Poland’s support to Guyana and the Caribbean stems from its national programme of assistance to developing countries in which Poland provided 100 M Euros last year. Olendzki disclosed that the Polish government intends to triple its budgetary support next year.

Poland is an active partner in the establishment of programmes to support African Caribbean and Pacific (ACP) Member States and is the sixth largest European Union (EU) member.

Source: gina.gov.gy

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Nurses' protest camp shakes Poland’s government

Health workers have set up shop outside their prime minister’s office in their fight for better pay and conditions, writes Joanna Puszwacka

Polish health workers are involved in a major battle against the right wing government. They are demanding pay rises.

Up to 2,000 health workers, mainly nurses, have been camped outside the prime minister’s chancellery in Warsaw, Poland’s capital, since Tuesday of last week. Four trade union negotiators are occupying one of the offices in the chancellery.

The tent city was set up following a 20,000 strong demonstration by all the health sector unions. There had been a similar demonstration last year.

This time around 80 nurses were determined that they would not just go home after it had finished.

They just stayed in front of the prime minister’s building and that night slept in the open air on the main road.

Early the next morning the police roughly forced them onto the pavement. This outraged other health workers who began coming back in force.

Since then delegations of miners, teachers, metal workers and transport workers have come to the camp to show solidarity.

The FZZ union federation, which includes the main nurses’ union, first threatened strike action if the police were used against the occupiers of the prime minister’s chancellery.

It is now saying that it may issue a solidarity strike call anyway to workers outside the health service.


The government strategy of ignoring the health workers because of their supposed weakness has blown up in its face.

Jaroslaw Kaczynski, the right wing populist prime minister, whose twin brother holds the presidency, heads a coalition government which includes the extreme right.

Poland has been heralded as a neoliberal success story following a crash programme of privatisation.

The economy grew by 7.4 percent in the first three months of this year with foreign investment reaching new highs last year.

Unemployment has been falling. This is not caused primarily by emigration. Productivity levels are increasing. This has not stopped the government attacking pension rights.

Recently an attempt to change the retirement package for rail workers was met with the threat of a strike. This forced Kaczynski to back off.

Tax cuts for the rich have led to an increase in the number of billionaires and a growing gap between rich and poor.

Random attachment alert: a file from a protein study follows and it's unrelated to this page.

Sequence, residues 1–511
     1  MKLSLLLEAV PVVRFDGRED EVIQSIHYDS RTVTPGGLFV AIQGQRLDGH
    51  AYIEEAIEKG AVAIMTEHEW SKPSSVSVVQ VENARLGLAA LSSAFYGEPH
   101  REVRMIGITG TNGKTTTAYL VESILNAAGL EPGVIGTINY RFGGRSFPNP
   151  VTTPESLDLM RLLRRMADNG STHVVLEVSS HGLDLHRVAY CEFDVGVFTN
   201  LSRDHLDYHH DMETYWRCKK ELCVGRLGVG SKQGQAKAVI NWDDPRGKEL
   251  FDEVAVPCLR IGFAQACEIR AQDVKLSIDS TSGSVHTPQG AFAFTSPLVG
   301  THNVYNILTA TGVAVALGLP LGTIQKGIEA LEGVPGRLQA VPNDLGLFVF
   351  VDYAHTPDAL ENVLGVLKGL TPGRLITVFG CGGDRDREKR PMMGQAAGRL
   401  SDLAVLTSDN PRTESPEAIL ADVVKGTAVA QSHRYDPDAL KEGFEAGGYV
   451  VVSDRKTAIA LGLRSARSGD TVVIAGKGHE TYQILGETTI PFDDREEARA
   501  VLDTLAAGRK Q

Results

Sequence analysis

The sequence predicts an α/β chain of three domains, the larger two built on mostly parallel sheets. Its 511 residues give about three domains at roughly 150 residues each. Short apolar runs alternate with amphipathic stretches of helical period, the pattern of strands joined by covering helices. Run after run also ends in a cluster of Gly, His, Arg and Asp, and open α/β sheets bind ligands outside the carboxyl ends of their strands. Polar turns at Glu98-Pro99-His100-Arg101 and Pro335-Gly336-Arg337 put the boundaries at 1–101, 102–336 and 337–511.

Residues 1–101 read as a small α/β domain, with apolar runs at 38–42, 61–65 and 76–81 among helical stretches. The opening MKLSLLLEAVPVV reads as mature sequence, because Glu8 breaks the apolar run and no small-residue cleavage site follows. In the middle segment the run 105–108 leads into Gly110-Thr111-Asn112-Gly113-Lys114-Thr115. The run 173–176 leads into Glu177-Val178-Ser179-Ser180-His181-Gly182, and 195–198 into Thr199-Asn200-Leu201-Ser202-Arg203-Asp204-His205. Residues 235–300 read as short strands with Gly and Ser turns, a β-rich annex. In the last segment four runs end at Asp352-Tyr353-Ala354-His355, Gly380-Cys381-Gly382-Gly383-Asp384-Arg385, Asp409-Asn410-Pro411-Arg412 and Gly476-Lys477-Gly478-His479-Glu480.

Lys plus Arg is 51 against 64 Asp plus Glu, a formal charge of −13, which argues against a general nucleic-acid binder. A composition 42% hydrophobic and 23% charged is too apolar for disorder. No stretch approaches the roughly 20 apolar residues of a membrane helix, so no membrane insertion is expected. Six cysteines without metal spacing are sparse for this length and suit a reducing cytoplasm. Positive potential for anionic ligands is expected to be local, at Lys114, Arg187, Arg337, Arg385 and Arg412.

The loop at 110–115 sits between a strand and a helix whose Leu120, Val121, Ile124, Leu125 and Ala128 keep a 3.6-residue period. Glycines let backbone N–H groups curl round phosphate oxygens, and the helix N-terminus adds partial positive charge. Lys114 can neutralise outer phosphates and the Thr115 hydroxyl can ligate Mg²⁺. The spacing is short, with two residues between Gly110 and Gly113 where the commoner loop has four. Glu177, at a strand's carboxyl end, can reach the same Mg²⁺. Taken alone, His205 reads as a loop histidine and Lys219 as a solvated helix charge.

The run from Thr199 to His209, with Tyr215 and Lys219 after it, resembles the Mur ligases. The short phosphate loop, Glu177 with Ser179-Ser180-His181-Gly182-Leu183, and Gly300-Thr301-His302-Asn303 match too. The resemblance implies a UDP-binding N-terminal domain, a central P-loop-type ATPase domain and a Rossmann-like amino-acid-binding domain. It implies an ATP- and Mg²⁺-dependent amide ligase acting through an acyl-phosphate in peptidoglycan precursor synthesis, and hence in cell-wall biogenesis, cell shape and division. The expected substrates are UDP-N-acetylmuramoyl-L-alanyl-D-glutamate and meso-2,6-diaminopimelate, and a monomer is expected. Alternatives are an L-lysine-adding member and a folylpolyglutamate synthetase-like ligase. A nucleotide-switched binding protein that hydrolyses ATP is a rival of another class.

The government pleads that in order to keep within European Union budget limits it cannot pay the nurses.

Elwira, a Polish nurse working in Britain, wrote to Socialist Worker, “How is it possible that no mention has been made in the British media about a massive industrial action in Poland of nurses and doctors?

“They are protesting against low pay and poor working conditions.

“They have been now joined by miners, who also support their action.

“The Polish government has not started any talks with the nurses.

“This reflects the current government attitude to internal Polish problems, and the working class.

“I feel for my colleagues back home.

“Some of them have still not been paid for their work last month.

“If they don’t turn up for work, however, they will be threatened with disciplinary action.”


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Saudi Arabia and Poland aim to strengthen energy cooperation – Saudi foreign minister

audi Arabia and Poland intend to work for stronger economic cooperation, particularly in the field of energy, said Saudi Arabian Foreign Minister Prince Saud al Faisal said Tuesday.

"The energy sphere is perhaps the area where we can really cooperate," he said during an event organized by the Polish Institute of International Affairs.

Saudi King Abdullah bin Abdul Aziz Al Saud together with Prince Saud al Faisal arrived in Poland for a planned two-day visit Monday at a time when Poland is trying to strengthen ties with the Middle East. Poland has a military contingent in Iraq, while Polish authorities are attempting to diversify sources of energy supplies in order to reduce the country's reliance on Russian imports.

Poland and Saudi Arabia signed agreements Monday to render mutual assistance in fighting organized crime, cooperation in healthcare, education and sports.

As for economic cooperation, Saud al Faisal said that the both countries should work to boost the security of doing business, abolish double taxation and increase knowledge about each other.

"Capital is a coward unless you give it a protectionist environment," he said referring to mutual investment protection.